On reaching the wharf all four crossed the gangway to the deck of the Girondin. At close quarters she seemed quite a big boat. In the bows was a small forecastle, containing quarters for the crew of five men as well as the oil tanks and certain stores. Then amidships was a long expanse of holds, while aft were the officers’ cabins and tiny mess-room, galley, navigating bridge, and last, but not least, the engine-room with its set of diesel engines. She seemed throughout a well-appointed boat, no money having apparently been spared to make her efficient and comfortable.

“She carries between six and seven thousand props every trip,” Mr. Coburn told them, “that is, without any deck cargo. I dare say in summer we could put ten thousand on her if we tried, but she is rather shallow in the draught for it, and we don’t care to run any risks. Hallo, captain! Back again?” he broke off, as a man in a blue pilot cloth coat and a peaked cap emerged from below.

The newcomer was powerfully built and would have been tall, but for rather rounded shoulders and a stoop. He was clean shaven, with a heavy jaw and thin lips which were compressed into a narrow line. His expression was vindictive as well as somewhat crafty, and he looked a man who would not be turned from his purpose by nice points of morality or conscience.

Though Hilliard instinctively noted these details, they did not particularly excite his interest. But his interest was nevertheless keenly aroused. For he saw the man, as his gaze fell on himself and Merriman, give a sudden start, and then flash a quick, questioning glance at Mr. Coburn. The action was momentary, but it was enough to bring back with a rush all Hilliard’s suspicions. Surely, he thought, there must be something if the sight of a stranger upsets all these people in this way.

But he had not time to ponder the problem. The captain instantly recovered himself, pulled off his cap to Miss Coburn and shook hands all round, Mr. Coburn introducing the visitors.

“Good trip, captain?” the manager went on. “You’re ahead of schedule.”

“Not so bad,” the newcomer admitted in a voice and manner singularly cultivated for a man in his position. “We had a good wind behind us most of the way.”

They chatted for a few moments, then started on their tour of inspection. Though Hilliard was once again keenly on the alert, the examination, so far as he could see, left nothing to be desired. They visited every part of the vessel, from the forecastle storerooms to the tunnel of the screw shaft, and from the chart-house to the bottom of the hold, and every question either of the friends asked was replied to fully and without hesitation.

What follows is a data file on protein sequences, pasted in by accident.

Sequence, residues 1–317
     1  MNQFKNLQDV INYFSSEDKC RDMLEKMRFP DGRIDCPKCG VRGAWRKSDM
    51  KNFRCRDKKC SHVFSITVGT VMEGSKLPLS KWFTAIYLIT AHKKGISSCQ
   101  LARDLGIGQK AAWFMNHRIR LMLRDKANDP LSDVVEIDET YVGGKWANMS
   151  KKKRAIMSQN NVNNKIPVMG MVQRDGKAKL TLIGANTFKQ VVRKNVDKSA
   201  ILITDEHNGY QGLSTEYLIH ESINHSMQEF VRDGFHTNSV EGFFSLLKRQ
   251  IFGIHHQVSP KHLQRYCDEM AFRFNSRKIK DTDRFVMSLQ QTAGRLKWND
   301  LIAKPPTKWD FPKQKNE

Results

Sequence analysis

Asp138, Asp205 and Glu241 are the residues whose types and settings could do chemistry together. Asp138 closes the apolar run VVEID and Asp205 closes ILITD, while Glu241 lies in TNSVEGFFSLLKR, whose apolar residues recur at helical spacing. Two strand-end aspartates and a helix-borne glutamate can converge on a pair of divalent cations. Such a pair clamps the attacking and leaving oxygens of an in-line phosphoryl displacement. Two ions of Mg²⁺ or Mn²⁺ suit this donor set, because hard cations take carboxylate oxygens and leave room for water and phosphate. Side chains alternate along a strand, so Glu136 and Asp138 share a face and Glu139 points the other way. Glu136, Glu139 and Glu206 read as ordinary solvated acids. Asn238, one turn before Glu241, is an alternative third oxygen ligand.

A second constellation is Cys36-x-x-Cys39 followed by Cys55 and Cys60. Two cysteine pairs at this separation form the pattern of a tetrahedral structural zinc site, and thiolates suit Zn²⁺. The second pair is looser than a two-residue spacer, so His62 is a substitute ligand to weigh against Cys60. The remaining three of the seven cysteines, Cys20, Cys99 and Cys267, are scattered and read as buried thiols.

That evening, like the preceding, they passed with the Coburns. The captain and the engineer⁠—a short, thickset man named Bulla⁠—strolled up with them and remained for dinner, but left shortly afterwards on the plea of matters to attend to on board. The friends stayed on, playing bridge, and it was late when they said good night and set out to walk back to the launch.

During the intervals of play Hilliard’s mind had been busy with the mystery which he believed existed in connection with the syndicate, and he had decided that to try to satisfy his curiosity he would go down to the wharf that night and see if any interesting operations went on under cover of darkness. The idea of a midnight loading of contraband no longer appealed to his imagination, but vaguely he wished to make sure that no secret activities were in progress.

He was at least certain that none had taken place up to the present⁠—that Mr. Coburn was personally concerned in, at all events. From the moment they had first sighted the ship until they had left the manager’s house at the conclusion of the game of bridge, not five minutes ago, he had been in Mr. Coburn’s company. Next day it was understood they were to meet again, so that if the manager wished to carry out any secret operations they could only be done during the night.

Accordingly when they reached the launch he turned to Merriman.

“You go ahead, old man. I’m going to have a look round before turning in. Don’t wait up for me. Put out the light when you’ve done with it and leave the companion unlatched so that I can follow you in.”

Merriman grunted disapprovingly, but offered no further objection. He clambered on board the launch and disappeared below, while Hilliard, remaining in the collapsible boat, began to row silently upstream towards the wharf.

The night was dark and still, but warm. The moon had not risen, and the sky was overcast, blotting out even the small light of the stars. There was a faint whisper of air currents among the trees, and the subdued murmur of the moving mass of water was punctuated by tiny splashes and gurgles as little eddies formed round the stem of the boat or wavelets broke against the banks. Hilliard’s eyes had by this time become accustomed to the gloom, and he could dimly distinguish the serrated line of the trees against the sky on either side of him, and later, the banks of the clearing, with the faint, ghostly radiance from the surface of the water.